Sweater weather is approaching, and that means it’s almost time to dig all of your favourite cable knits, turtle necks, and cardigans out from the back of your closet.
Lots of people struggle to know how to wash and launder their sweaters. The material, knit, and more will all play a role in determining how you should get them clean. Unfortunately, this often means sweaters that get warped or shrink in the washing process. Laundering a sweater properly helps preserve its quality and extend its lifespan. To save yourself from pulling a ball of shrivelled wool out of your laundry machine, follow some of our best tips:
Read the care label and get to know the material
Wool and cashmere are two popular materials for sweaters. And it’s generally accepted that these should only be hand washed…but that’s not actually always the case. Thanks to modern fabric innovation, machine-washable wool and cashmere are a thing. The care label will let you know whether or not you can put these items in the washer. Many sweaters are also made out of cotton or a combination of synthetic materials. Most of these are machine washable, but you should still look at the care label to double check. In terms of laundry products, you should avoid fabric softeners; this can break down the sweater fibres.
Limit how often you wash
You don’t need to wash your sweater every time you wear it. Wool has natural self-cleaning properties that allow it to resist odours and dirt. Wash them every 3-5 wears or when they become visibly dirty or start to smell. It’s more important to air them out between wears to maintain freshness. Cotton and synthetic sweaters can be washed more frequently than wool ones. Depending on how much you sweat and the level of dirt exposure, you can wash them after 1-3 wears.
Wash with care
Even if your sweater is machine washable, it doesn’t mean you should just toss them in without thinking. You should typically use cold water to wash your sweaters. This is more gentle than hot water, and it will help your sweaters to retain their shape. Turn sweaters inside out when washing to reduce pilling. It’s also important not to put sweaters in an overcrowded washing machine. This can cause excess friction and lead to things like pulls and runs in the fabric. If you have the time, occasionally hand washing sweaters can be beneficial.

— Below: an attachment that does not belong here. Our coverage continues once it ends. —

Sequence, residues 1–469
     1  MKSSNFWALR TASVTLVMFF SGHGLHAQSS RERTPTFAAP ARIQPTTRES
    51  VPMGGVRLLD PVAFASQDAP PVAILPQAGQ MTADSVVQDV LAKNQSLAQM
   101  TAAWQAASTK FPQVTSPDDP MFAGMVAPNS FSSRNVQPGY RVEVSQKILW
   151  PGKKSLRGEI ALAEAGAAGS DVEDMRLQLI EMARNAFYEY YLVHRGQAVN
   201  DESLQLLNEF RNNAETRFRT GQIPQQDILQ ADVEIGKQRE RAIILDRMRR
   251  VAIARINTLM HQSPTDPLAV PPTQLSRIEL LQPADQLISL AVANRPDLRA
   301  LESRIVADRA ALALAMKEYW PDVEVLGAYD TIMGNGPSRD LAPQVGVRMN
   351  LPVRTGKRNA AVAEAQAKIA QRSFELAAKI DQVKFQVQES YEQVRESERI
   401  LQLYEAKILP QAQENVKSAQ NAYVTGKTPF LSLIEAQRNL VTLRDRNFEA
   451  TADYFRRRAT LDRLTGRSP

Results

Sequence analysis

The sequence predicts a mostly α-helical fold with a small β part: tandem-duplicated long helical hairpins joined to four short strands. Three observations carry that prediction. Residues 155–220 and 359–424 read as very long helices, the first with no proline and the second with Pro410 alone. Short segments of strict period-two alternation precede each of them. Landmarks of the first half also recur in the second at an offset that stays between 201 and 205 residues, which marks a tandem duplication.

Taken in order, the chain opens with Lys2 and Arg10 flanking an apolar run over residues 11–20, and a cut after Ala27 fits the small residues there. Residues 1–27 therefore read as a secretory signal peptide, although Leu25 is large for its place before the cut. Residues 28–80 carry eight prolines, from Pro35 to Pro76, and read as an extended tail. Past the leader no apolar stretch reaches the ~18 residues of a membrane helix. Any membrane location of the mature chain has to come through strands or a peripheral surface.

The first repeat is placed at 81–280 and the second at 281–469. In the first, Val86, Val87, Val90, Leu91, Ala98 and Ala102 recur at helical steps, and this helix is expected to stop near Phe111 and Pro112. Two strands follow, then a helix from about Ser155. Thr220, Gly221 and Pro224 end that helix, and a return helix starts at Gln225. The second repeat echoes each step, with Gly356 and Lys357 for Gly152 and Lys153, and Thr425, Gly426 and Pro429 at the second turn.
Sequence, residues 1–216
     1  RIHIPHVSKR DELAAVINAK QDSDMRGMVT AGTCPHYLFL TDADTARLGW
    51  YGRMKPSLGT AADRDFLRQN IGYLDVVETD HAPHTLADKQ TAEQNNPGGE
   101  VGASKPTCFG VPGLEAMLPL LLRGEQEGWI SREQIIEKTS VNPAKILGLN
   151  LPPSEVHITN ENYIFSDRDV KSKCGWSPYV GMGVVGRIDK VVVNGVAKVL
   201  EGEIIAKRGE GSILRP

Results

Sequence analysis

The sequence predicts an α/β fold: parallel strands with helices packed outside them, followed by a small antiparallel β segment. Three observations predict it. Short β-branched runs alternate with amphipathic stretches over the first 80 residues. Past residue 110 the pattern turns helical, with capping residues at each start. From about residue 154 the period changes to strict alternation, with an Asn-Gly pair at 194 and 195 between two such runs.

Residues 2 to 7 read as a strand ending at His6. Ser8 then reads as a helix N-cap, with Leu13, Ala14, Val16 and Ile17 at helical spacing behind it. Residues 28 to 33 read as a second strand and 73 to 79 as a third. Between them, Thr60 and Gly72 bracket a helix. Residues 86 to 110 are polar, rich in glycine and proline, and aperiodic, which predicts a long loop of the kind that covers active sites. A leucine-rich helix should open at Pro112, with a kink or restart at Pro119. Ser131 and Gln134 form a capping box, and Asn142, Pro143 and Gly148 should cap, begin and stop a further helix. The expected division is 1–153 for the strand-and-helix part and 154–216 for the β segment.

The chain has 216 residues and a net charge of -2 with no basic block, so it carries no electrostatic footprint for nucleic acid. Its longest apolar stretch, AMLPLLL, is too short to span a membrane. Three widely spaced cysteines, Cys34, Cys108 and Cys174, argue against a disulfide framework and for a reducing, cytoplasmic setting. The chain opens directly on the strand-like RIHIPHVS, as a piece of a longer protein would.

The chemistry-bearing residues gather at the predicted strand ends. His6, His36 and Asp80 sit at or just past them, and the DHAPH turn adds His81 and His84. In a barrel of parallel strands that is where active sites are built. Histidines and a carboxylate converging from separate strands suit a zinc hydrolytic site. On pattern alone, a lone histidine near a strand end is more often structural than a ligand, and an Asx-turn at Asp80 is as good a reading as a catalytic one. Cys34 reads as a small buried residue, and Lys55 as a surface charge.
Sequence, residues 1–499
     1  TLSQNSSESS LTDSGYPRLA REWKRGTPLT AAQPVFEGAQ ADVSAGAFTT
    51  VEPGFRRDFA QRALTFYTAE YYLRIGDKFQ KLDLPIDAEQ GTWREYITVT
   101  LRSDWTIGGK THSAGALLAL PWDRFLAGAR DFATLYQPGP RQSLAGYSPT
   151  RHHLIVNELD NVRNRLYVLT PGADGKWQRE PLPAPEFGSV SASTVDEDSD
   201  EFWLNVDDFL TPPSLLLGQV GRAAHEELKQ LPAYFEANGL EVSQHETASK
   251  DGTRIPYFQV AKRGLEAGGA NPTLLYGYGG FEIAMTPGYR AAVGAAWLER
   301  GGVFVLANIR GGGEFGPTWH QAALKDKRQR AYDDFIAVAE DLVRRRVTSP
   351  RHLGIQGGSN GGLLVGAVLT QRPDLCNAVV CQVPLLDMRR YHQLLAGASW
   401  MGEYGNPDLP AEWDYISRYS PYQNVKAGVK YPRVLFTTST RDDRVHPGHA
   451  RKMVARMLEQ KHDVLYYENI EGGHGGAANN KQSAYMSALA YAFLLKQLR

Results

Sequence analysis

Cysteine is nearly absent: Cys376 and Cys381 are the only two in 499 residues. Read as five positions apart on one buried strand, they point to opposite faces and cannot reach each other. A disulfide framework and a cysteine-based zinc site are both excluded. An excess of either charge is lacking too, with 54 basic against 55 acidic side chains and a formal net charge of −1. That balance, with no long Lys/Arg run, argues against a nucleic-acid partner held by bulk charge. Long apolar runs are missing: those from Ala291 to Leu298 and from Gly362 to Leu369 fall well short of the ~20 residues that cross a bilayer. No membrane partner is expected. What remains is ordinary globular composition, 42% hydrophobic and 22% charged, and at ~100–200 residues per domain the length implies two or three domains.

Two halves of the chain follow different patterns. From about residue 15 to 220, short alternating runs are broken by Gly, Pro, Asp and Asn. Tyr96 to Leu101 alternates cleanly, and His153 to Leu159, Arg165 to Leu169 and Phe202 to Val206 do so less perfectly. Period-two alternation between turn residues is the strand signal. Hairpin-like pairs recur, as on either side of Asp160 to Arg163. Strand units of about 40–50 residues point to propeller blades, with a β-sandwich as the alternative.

Avoid the dryer
While the washing machine is safe for plenty of sweaters, you should always avoid the dryer. Unless a synthetic sweater specifies it can go in the dryer, you’re tempting fate by throwing sweaters in. Instead, let your sweaters dry the good old fashioned way. If there is excess water before you begin the drying process, roll them out. Don’t wring them out. Wringing them can ruin the sweater’s shape. Then you should lay your sweaters flat to dry. If you want to speed up the drying process, you can lay your sweaters on top of towels.
What if it’s too late?
If you have stumbled upon this article, there is a chance you have a sweater that the washer or dryer has already damaged. Don’t panic. Some sweaters can be repaired with crafty hacks.
Fixing a snag in sweaters where you can see the knit is relatively easy. Gently stretch the fabric around the snag and use a blunt-ended needle or crochet hook to guide the snagged thread back into place on the backside of the sweater. When it looks good from the front, secure it with a discreet knot tied to neighbouring threads and trim any excess. If you want to make it extra secure, apply clear nail polish to prevent further unravelling.
Fixing a shrunken sweater is a bit more intimidating, but there are some techniques you can try.
The first involves trying some hair products. First, soak the sweater in lukewarm water with a bit of hair conditioner or baby shampoo for about 30 minutes, gently massaging and stretching the fabric. Lay the damp sweater on a towel and reshape it by hand-stretching it back to its original size, then air dry. For wool sweaters, try stretching by pinning the sweater to a flat surface in the desired shape and letting it air dry.
Properly washing sweaters can help them last for years and years. While some sweaters require hand washing, more and more can be easily laundered at home. And don’t worry if you mess up! There are often ways to fix simple problems like shrinkage and runs.